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Police ultimatum: allow reform group to demonstrate or be arrested

Senior Staff Writer

Published: Wednesday, April 18, 2012

Updated: Friday, August 23, 2013 17:08

Protest

Ashley Pospisil

Representatives from abortionNO.org were on campus trying to spread their message to stop abortion on Fairfield Way in this Monday, April 16 photo. Students stopped by to argue their point of view and sign a free speech wall for pro-choice

Two students were arrested Tuesday for interfering with the assembly of a non-profit group’s graphic pro-life display on Fairfield Way that exhibited pictures of aborted fetuses, including a poster that compared images of the Holocaust and lynching to an aborted fetus.

UConn police gave protestors an ultimatum – allow the Center for Bio-Ethical Reform group to set up their display or be arrested. All but two of the protestors yielded: Brenna Regan, an 8th-semester sociology and environmental justice double major, and Logan Place, a 6th-semester political science major. Both students were released on non-surety bonds.

Presented by CBR the display spurred outrage from students and an organized protest from the UConn group Students United for Reproductive Justice after CBR began their campaign Monday morning.

Brian McKinney, a CBR volunteer, said protesters circled the display Tuesday morning and would not allow CBR members to finish setting up a metal fence that surrounded the posters.

“The students were given multiple warnings that if they continued, there would be consequences,” McKinney said. “We have a permit to be here.”

Brenna Regan, who was arrested for trespassing in the 2nd-degree during the protest, said she is angered that the university administration protected the rights of CBR more than the rights of students who were upset by the images.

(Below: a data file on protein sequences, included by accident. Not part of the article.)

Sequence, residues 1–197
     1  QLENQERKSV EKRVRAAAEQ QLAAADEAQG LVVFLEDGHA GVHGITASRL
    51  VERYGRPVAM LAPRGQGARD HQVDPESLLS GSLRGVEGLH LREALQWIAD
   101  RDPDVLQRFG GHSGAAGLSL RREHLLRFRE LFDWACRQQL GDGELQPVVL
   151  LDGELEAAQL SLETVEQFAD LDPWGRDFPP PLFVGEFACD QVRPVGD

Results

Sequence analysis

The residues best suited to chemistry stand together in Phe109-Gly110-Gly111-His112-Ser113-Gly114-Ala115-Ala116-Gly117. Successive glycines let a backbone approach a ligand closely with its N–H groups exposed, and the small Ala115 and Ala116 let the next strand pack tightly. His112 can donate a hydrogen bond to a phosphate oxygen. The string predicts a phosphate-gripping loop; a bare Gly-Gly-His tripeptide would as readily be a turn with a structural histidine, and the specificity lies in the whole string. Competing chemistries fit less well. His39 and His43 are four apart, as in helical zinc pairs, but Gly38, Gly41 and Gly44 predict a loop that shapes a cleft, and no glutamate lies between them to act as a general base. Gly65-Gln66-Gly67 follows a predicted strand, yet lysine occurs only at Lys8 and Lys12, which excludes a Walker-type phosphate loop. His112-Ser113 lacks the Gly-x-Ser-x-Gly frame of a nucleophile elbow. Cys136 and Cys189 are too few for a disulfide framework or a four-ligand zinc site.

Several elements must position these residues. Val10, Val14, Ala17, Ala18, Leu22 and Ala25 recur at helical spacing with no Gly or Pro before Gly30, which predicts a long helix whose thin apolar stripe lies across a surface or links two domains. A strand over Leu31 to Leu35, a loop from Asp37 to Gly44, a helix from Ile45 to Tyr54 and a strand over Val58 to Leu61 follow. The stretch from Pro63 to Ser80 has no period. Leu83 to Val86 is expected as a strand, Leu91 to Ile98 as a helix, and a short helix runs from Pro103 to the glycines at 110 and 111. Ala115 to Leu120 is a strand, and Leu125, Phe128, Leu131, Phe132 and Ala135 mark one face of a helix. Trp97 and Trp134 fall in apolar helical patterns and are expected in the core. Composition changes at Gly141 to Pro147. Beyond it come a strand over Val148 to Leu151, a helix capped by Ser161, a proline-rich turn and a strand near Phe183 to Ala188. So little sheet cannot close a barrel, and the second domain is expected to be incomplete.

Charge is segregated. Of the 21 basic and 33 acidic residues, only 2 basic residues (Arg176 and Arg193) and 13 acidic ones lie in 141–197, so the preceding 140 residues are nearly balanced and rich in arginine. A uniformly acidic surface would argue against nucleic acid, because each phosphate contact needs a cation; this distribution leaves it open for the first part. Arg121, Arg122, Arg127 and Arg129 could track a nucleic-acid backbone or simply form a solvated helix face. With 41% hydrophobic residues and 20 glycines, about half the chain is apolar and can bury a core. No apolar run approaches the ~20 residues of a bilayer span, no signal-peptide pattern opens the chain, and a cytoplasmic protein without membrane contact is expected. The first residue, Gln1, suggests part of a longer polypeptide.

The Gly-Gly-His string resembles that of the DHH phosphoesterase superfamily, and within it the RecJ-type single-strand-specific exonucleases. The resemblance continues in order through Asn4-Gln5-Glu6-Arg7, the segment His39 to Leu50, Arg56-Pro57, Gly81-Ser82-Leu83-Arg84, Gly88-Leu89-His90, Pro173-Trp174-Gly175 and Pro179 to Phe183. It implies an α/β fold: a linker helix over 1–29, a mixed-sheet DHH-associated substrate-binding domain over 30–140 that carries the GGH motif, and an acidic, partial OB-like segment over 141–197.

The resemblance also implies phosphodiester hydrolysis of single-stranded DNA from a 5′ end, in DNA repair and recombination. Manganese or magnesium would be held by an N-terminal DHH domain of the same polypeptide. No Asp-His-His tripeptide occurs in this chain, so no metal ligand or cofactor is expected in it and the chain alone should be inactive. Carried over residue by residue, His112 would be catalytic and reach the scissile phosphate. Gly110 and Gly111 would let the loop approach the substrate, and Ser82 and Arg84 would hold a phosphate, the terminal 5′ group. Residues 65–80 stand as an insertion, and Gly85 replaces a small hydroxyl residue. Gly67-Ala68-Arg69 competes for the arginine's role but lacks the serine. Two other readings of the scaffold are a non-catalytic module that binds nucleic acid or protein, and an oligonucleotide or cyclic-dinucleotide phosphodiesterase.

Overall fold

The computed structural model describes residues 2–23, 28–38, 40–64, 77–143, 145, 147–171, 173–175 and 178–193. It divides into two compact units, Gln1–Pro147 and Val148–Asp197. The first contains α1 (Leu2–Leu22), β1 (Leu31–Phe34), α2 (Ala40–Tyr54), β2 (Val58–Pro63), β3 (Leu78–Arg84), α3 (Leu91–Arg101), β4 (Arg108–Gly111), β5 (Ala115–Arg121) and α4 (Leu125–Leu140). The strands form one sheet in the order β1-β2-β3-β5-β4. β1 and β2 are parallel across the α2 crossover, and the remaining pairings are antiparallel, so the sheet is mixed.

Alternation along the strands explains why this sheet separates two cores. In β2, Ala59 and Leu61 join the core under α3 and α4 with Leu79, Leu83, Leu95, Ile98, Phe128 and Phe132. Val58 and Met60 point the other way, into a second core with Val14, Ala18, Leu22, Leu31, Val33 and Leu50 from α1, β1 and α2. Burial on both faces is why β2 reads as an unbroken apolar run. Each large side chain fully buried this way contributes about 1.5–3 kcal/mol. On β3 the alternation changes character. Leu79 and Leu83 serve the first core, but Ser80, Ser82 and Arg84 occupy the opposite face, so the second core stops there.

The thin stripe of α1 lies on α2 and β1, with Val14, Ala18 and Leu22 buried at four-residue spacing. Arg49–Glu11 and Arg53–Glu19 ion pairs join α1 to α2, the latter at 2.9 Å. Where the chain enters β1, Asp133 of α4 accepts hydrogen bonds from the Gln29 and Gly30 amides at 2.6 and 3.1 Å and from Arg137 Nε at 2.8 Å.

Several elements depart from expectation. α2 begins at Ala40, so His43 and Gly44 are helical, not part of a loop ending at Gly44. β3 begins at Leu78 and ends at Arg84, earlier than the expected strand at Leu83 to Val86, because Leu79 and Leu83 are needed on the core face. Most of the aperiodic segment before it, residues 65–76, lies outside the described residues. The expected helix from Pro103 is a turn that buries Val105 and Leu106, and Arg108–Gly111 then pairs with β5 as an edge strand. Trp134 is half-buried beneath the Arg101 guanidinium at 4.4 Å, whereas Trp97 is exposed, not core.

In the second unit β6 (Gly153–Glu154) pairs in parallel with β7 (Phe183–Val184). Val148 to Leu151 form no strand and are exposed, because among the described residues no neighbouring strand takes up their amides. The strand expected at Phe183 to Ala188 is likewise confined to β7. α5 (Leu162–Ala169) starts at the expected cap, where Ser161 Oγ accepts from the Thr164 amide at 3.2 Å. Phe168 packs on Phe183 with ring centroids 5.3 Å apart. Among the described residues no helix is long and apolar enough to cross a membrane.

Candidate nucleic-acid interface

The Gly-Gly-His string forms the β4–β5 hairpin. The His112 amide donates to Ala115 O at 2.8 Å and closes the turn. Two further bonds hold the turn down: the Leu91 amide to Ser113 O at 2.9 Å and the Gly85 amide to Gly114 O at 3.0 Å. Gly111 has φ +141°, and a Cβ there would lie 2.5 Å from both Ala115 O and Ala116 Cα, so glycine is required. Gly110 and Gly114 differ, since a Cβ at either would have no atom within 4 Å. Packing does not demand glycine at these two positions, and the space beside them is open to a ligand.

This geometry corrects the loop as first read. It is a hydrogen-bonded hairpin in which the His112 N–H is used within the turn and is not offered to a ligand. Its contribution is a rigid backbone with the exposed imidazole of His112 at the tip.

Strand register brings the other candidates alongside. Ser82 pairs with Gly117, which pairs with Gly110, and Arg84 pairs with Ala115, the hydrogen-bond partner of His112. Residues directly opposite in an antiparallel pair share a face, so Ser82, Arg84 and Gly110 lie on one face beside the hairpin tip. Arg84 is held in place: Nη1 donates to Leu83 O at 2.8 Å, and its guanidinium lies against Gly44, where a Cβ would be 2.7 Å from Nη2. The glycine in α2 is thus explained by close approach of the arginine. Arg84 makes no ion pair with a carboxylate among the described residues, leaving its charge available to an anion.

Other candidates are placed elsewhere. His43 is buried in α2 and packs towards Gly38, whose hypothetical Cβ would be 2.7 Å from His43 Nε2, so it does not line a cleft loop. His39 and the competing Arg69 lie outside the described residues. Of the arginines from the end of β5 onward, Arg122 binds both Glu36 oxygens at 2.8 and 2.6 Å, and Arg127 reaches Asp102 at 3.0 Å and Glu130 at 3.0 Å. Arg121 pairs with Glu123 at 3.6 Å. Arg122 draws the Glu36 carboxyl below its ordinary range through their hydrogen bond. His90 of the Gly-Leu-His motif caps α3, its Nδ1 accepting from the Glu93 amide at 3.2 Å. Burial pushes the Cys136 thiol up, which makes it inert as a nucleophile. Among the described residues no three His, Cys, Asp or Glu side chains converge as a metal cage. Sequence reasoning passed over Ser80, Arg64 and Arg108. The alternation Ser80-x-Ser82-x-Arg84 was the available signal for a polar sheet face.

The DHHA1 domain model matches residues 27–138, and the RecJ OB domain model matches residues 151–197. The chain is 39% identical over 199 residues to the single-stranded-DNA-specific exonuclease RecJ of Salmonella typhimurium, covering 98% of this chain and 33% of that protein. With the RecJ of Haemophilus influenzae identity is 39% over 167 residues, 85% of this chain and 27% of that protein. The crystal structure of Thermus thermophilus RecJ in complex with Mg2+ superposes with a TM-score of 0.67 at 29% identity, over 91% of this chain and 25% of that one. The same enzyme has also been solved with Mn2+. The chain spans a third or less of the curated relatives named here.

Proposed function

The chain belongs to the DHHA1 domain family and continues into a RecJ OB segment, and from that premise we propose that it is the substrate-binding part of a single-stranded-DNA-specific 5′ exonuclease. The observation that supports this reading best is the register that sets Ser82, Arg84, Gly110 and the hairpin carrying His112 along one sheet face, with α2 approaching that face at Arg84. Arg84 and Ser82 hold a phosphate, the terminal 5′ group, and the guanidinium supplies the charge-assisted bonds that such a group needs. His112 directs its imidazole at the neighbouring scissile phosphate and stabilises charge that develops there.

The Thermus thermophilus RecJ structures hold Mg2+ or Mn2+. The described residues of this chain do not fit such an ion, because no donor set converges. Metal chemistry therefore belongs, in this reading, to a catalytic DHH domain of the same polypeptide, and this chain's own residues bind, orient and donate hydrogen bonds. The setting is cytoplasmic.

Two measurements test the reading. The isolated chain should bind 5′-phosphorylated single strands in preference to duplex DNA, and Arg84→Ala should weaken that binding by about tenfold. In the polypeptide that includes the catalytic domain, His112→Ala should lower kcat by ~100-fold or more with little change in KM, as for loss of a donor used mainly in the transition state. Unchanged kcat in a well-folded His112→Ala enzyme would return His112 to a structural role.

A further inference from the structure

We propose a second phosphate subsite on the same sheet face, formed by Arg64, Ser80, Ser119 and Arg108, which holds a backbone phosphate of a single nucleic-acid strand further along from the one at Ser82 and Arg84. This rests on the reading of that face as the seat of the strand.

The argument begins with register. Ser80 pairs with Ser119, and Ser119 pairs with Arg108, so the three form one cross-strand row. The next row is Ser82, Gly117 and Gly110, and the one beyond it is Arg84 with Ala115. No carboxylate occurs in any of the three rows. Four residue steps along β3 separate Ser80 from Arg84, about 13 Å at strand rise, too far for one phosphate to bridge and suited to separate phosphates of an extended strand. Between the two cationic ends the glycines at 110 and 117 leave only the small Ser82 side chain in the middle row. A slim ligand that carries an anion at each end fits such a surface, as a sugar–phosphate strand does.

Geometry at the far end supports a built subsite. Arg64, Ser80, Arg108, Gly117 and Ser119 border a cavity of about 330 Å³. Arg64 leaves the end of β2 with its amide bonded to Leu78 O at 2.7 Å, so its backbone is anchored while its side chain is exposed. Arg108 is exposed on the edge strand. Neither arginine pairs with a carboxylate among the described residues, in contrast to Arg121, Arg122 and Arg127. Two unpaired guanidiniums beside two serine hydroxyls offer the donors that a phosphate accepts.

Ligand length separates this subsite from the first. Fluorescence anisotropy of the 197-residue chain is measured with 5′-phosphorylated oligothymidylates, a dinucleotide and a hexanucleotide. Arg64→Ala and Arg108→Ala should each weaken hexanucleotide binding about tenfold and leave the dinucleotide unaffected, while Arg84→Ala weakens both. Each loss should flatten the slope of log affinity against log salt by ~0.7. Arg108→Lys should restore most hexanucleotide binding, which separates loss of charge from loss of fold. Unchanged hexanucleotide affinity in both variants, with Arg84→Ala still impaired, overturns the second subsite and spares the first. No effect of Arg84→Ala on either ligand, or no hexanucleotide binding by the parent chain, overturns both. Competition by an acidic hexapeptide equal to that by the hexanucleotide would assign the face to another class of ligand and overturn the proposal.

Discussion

“We wanted to show that we were willing to go to extremes and stand up for what we believe in,” Regan said. “We pay thousands of dollars to be here and this is our space.”

Regan described the images on display as “imposing and attacking.” The posters included bloody images of aborted fetuses, detached baby heads and dismembered limbs.

The New England Regional director of CBR, Leslie Sneddon, said that the images are meant to help people understand the “indescribable evil” of abortion by providing a message that words cannot.

“We always get a lot of people upset with our message but we have people who thank us later,” Sneddon said. “I’ve had four abortions … If there is a woman that comes to terms with reality, that leads her from a place of denial to a place of healing.”

Logan Place, who was also arrested Tuesday, said he was happy that over 40 students protested the display after SURJ hosted a meeting Monday night.

“As horrific as it was, it provided an opportunity for students to make sure people have the accurate information,” Place said.

Place said the UConn police officers were polite and asked him if he was sure he wanted to be arrested rather than allow CBR to set up their display.

“If the UConn Police would rather arrest UConn students than stop a hate speech, so be it,” Place said.

CBR presents their display at 20 to 25 universities a year. Sneddon said she is not deterred by the outcry from the student population and the two arrests made.

“I’m respectful of their passion,” Sneddon said of the two students who were arrested. “I hope one day [Regan] will be standing on our side.”

Protestors started chanting and wielding signs with phrases like “my body, my choice” at 6 a.m., an hour before CBR members arrived on campus.

“[CBR] have their right to speech,” said protestor Marichris Cariaga, a 6th-semester nursing major. “It’s the fact that they have these giant banners subjecting everyone to these images. It’s not fair the administration is overlooking the mental health of students … this is our campus.”

 

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